Let's continue our dicussion of air pollution this week, focusing on the health effects. Significant progress has been made in recent years in cleaning the nation's air. Between 1970 and 2004, total emissions of the six major air pollutants regulated by the Environmental Protection Agency (EPA) dropped by 54 percent. This is particularly impressive when noting that the gross domestic product increased 187 percent, energy consumption increased 47 percent, and U.S. population grew by 40 percent during the same time--proof that economic growth and environmental protection do go hand in hand. However, air pollution remains a serious threat to public health and the environment. Outdoor air pollution in the U.S. due to particulate pollution alone was estimated by the EPA in 1997 to cause at least 20,000 premature deaths each year. Other estimates place this number at 50,000 to 100,000 deaths per year. A study in Southern California found that living near major roadways increases the risk of childhood asthma. Among those long-term kids studied that had no parental history of asthma who lived within 75 meters of a major road, 59% of asthma was attributable to residential proximity to the road. The annual costs of air pollution per person in the Los Angeles area were estimated at $3000-$4000 per person back in the 1970s. This cost has dropped significantly, and is now estimated at about $1000 per person. This $1000 per person amounts to $3 billion per year just for the Los Angeles area, and further efforts to control air pollution need to be looked at to see if this cost--and the human suffering that accompanies it--can be further reduced. Of course, the costs to businesses will also have to be factored in--for example, emissions control equipment can add over $1000 to the cost of a vehicle.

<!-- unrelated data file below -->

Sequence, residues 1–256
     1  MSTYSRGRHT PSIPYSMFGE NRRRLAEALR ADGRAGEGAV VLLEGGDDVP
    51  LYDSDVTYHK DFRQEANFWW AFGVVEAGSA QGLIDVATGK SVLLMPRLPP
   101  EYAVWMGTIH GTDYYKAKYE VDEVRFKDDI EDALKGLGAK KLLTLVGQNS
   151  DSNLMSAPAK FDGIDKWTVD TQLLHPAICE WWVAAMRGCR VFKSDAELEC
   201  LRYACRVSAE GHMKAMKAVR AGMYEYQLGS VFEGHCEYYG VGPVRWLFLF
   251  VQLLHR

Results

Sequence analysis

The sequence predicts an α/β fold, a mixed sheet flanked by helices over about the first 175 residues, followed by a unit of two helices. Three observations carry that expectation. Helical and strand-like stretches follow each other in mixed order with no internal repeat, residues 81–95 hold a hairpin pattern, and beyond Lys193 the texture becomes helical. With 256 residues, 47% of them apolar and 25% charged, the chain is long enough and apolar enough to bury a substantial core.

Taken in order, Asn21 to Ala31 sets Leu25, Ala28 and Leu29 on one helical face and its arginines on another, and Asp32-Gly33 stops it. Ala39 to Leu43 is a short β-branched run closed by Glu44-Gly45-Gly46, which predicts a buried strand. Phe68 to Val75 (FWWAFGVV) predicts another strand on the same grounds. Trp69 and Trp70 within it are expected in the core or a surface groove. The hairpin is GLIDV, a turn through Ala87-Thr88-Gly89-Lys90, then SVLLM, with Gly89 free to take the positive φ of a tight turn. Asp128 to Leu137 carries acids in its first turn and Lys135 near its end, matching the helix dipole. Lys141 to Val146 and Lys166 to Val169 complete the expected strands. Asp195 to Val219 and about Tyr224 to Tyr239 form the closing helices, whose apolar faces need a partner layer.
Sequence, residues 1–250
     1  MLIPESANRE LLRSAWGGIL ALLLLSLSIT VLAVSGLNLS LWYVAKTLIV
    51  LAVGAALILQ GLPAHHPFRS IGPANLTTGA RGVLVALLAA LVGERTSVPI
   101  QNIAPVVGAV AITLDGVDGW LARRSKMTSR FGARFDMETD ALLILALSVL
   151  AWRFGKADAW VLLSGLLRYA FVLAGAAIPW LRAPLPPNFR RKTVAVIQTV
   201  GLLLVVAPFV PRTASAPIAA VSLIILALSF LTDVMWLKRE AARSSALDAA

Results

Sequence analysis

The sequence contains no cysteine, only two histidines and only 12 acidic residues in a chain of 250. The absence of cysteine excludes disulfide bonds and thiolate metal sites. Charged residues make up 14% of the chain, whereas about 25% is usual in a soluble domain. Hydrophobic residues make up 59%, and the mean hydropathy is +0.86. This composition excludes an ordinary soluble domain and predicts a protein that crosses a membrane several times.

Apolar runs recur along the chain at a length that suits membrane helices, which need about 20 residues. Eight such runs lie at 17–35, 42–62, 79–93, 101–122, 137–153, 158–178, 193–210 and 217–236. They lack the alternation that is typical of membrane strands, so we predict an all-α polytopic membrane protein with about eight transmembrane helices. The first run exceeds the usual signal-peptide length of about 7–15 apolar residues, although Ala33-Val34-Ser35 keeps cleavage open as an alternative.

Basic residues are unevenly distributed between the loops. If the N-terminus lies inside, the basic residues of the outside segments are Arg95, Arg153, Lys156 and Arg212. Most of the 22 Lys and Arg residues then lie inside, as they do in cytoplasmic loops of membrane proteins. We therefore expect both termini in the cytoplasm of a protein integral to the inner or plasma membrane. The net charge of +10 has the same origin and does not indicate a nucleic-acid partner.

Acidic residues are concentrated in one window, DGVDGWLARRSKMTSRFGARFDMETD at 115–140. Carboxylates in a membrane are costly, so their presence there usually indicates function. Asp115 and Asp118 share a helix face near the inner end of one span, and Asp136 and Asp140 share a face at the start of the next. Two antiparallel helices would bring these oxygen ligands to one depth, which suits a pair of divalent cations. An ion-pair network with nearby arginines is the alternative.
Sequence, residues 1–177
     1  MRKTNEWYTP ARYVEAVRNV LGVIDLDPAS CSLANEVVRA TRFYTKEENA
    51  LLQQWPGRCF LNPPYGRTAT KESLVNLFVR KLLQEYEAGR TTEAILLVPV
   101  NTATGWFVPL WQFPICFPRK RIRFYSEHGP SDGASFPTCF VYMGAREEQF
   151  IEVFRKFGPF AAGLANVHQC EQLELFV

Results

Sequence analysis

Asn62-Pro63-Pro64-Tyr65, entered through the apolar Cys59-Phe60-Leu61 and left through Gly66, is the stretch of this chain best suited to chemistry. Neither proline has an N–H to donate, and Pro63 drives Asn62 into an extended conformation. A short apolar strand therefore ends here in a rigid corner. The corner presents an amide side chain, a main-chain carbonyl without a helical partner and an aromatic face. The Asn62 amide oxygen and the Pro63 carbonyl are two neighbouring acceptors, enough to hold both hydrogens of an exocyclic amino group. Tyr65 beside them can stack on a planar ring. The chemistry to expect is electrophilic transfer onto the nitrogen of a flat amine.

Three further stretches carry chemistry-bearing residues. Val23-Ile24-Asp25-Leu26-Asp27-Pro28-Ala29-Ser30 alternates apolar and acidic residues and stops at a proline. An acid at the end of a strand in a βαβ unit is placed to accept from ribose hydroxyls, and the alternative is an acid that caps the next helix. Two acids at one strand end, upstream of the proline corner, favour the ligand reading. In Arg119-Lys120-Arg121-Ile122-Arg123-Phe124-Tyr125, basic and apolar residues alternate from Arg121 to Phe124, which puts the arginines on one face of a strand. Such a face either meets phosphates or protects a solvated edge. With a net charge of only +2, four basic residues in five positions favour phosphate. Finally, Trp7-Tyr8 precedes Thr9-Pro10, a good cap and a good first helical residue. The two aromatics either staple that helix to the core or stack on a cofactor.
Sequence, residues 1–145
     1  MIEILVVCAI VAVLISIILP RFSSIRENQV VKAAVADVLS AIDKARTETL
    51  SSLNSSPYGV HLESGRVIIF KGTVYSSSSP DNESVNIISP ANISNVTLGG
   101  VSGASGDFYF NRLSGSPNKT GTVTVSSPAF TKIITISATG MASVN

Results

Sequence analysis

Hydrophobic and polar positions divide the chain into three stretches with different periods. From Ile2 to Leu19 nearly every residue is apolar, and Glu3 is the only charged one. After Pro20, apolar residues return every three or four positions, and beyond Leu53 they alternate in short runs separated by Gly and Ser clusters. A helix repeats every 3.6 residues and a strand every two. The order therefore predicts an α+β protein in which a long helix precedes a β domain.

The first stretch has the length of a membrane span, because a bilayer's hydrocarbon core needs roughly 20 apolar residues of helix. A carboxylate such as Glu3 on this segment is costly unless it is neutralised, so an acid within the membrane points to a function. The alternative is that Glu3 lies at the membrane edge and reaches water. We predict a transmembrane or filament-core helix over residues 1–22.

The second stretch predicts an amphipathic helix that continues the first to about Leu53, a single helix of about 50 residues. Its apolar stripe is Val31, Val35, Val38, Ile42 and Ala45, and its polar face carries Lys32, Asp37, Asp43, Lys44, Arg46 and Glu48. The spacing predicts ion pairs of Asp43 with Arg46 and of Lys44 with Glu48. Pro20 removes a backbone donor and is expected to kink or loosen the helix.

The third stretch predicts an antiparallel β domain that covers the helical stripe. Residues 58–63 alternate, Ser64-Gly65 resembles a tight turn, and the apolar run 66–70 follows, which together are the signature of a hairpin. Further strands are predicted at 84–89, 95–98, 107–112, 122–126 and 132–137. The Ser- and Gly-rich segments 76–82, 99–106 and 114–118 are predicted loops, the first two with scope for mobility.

How to protect yourself when air pollution is high